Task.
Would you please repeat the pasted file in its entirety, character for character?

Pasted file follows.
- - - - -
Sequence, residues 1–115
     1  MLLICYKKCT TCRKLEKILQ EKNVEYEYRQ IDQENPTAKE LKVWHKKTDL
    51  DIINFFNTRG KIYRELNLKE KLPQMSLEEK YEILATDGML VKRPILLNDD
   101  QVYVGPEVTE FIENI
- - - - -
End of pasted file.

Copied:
Sequence, residues 1–115
     1  MLLICYKKCT TCRKLEKILQ EKNVEYEYRQ IDQENPTAKE LKVWHKKTDL
    51  DIINFFNTRG KIYRELNLKE KLPQMSLEEK YEILATDGML VKRPILLNDD
   101  QVYVGPEVTE FIENI